The critical rhetoric of Duke basketball teams in recent years has become mundane: unathletic; too small on the perimeter; lives and dies by the three.

Throw those critiques out the window for next season. With seniors Seth Curry, Ryan Kelly and Mason Plumlee departing, the team and the program will receive a vast makeover in personnel, playing style and just pure flavor.

Head coach Mike Krzyzewski’s ongoing blueprint of recruiting longer and more athletic players on the perimeter will finally translate into reality for the 2013-14 season. It’s a squad that will be unlike any other Duke team in recent memory. It’s a squad that will have three legitimate first-round NBA Draft talents in its starting lineup: sophomore shooting guard Rasheed Sulaimon, sophomore small forward Rodney Hood and freshman wing-forward Jabari Parker. And it’s a squad that should mirror a lot of what Krzyzewski did with the Team USA.

Those three players and Quinn Cook will be the foundation of next year’s club that will be among the preseason favorites to cut down the nets at next year’s Final Four in Arlington, Texas.

Cook is back to quarterback the show for the second consecutive season as the point guard. His freshman-to-sophomore jump was remarkable: from 4.4 points, 1.9 assists per game and unreliable defense to 11.7 points, 5.3 assists and pesky defense. His breakout season as a sophomore is what made the Blue Devils a national title contender in 2012-13. Cook’s disappointing showing in the NCAA Tournament—just 23 points on 7-of-32 shooting with seven turnovers across four games—will be used as fuel for next year. Another offseason in the lab with his close friend and former Duke guard Nolan Smith should elevate his game even more and make him one of the best point guards in the country.

In a similar vein, Sulaimon’s game should jump considerably with another year of maturation and added strength, especially with the bitter taste of being devoured by Louisville’s guards in his mouth all summer—the Texan was limited to three points on 1-of-10 shooting in the Elite Eight loss to the Cardinals.

Many people have called Hood—who transferred from Mississippi State and practiced with the team this season but could not play—the best player on the team. The silky smooth, 6-foot-8 lefty—who will see time at shooting guard when Duke goes with a big lineup—averaged 10.3 points per game as a starter for the Bulldogs during his freshman campaign to earn first-team All-SEC Freshman honors. With a year of practicing at Duke under his belt and another offseason to get stronger and springier, expect the Meridian, Miss. native to be an All-ACC-caliber player from the get go.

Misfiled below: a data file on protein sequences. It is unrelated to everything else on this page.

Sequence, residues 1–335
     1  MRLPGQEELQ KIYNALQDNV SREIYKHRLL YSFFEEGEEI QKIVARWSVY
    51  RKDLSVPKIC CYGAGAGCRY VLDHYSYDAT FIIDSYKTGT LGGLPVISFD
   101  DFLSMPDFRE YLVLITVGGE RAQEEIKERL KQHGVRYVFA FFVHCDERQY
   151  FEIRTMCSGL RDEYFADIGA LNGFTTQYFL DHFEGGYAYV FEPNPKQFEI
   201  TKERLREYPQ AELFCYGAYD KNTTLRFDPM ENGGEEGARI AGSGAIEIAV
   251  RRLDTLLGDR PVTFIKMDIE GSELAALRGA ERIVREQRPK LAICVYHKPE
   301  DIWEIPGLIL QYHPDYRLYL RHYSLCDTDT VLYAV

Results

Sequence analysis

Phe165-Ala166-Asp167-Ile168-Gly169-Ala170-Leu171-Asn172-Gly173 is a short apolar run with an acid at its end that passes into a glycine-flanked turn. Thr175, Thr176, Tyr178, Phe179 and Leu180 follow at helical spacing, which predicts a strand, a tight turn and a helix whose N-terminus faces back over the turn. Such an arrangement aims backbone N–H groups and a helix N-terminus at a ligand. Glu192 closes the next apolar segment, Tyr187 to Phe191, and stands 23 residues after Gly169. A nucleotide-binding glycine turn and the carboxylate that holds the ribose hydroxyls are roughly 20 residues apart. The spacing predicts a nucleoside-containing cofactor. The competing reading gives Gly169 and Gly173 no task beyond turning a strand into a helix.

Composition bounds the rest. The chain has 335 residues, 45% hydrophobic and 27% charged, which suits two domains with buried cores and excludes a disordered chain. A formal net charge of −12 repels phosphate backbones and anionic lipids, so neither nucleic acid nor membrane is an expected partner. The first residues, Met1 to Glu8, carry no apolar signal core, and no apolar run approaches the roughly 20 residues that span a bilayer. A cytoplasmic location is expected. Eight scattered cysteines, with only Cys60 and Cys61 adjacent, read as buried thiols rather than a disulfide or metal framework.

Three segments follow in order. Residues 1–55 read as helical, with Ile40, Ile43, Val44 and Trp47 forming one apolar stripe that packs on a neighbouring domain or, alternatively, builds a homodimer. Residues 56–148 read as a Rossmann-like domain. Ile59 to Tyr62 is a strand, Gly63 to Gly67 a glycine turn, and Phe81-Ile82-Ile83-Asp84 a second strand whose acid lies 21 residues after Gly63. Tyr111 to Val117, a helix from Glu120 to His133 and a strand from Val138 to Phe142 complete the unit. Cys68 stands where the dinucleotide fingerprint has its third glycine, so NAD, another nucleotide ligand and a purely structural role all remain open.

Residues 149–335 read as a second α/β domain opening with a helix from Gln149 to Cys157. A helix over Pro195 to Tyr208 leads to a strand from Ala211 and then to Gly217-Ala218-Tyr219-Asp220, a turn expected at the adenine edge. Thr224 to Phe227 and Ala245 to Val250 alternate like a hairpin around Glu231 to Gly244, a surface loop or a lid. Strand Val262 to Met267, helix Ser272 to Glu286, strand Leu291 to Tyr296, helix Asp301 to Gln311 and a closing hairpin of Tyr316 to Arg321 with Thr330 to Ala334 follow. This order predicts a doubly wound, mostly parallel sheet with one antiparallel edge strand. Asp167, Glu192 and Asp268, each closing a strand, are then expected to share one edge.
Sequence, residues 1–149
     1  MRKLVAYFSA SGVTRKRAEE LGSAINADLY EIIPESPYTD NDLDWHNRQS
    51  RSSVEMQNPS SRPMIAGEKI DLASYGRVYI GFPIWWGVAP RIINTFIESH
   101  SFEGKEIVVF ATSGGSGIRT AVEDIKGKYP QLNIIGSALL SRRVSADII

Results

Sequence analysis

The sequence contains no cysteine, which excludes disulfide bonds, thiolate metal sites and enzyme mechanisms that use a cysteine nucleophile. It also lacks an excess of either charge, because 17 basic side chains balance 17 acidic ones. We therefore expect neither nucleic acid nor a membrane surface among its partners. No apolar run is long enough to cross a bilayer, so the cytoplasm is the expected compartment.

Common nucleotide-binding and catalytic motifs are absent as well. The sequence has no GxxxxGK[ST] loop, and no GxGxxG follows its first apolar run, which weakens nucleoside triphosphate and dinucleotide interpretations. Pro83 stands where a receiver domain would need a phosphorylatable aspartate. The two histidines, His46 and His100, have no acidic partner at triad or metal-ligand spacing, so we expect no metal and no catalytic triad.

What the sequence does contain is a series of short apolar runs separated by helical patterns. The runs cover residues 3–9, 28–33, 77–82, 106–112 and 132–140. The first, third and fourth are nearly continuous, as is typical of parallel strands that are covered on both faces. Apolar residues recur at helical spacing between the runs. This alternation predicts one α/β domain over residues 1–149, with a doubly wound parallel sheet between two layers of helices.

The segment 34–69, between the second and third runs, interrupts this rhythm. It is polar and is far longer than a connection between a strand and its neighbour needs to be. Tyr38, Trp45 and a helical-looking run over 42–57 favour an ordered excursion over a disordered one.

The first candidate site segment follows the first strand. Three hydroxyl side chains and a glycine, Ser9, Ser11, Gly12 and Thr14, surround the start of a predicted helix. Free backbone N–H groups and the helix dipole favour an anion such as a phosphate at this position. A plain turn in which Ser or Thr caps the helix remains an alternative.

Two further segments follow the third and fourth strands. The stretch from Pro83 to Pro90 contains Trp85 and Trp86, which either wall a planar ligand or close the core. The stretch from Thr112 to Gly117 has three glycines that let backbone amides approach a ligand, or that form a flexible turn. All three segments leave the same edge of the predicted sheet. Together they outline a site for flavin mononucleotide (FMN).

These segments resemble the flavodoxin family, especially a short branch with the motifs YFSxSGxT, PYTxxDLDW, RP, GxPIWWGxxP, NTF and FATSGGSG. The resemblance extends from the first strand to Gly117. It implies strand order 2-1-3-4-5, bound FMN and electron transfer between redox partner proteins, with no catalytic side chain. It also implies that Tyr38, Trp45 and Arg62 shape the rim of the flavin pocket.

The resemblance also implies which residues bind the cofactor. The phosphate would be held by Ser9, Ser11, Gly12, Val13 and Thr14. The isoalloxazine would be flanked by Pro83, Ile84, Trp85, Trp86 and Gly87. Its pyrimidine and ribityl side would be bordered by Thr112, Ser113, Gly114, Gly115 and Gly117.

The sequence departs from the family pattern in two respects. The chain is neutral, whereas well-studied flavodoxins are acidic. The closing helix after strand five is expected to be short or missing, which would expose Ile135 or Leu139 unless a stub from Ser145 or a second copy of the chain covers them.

“The best thing about playing against Rodney everyday is I think he is as good of a player as there is in the country,” redshirt freshman Alex Murphy said last fall.

It’s hard to imagine Duke getting better at the four position with Kelly’s exit, but the Blue Devils are actually upgrading with the prodigious talents of Parker—the No. 2 overall player in the class of 2013. Widely considered the most skilled player in high school basketball, the 6-foot-8 and 235-pound swingman is a jack-of-all-trades. The four-time state champion and Chicago prep basketball legend has been compared to Carmelo Anthony, Paul Pierce and Duke great Grant Hill. He should fit perfectly in Durham as a versatile stretch four who the offense runs through, and the devout Mormon has the potential to be one of Krzyzewski’s best freshman ever.

“I’ll replace what Ryan Kelly has done,” Parker told DraftExpress after practicing for the McDonald’s All-American game Monday in his hometown of Chicago. “I play the same position, we’re about the same size.”

Prolific shooting from distance will still very much be an important ingredient for next year’s bunch. Sulaimon connected on 37.1 percent of his treys as a rookie. Incoming freshman Matt Jones­—ESPN’s No. 5 shooting guard in 2013—enters the college ranks with the label as arguably the best 3-point shooter in his class. And it’s still unclear if long-range sniper Andre Dawkins will return after redshirting this season. Unlike past years, though, Duke won’t have to rely on outside shooting because Sulaimon, Hood and Parker should each be able to create their own shot on any given touch.

Positions 1-4 will be loaded, but it’s the center position that is the team’s only question mark. As the only true big man on the roster, 6-foot-11 Marshall Plumlee is still unproven. Amile Jefferson could be serviceable, though undersized at 6-foot-8, while senior-to-be Josh Hairston projects as a reserve. Duke could always scour the country for fifth-year transfer options at center—similar to what North Carolina did by bringing in Justin Knox two years ago—but that appears to be a longshot.

Another new asset next year’s team will have? Depth. Krzyzewski has predominately utilized a tight seven-man rotation during conference and postseason play lately. He should not be constrained next year with waves of athletes at his disposal, which should lead to more full-court pressure and faster pace.

Incoming freshman Semi Ojeleye—a 6-foot-6 man child of a small forward and the No. 36 overall player in the class—will likely be the team’s top performer in weight room from day one. Ojeleye—the all-time leading scorer in Kansas—has the versatility, NBA-physique, and work ethic to earn some minutes, even if he is the eighth or ninth man. Likewise, Alex Murphy should be able to consistently contribute off the bench in what will be his third year in Durham.

Everything about next year’s team will be different, but Krzyzewski’s group should be right where it usually is—firmly in the hunt for a national championship.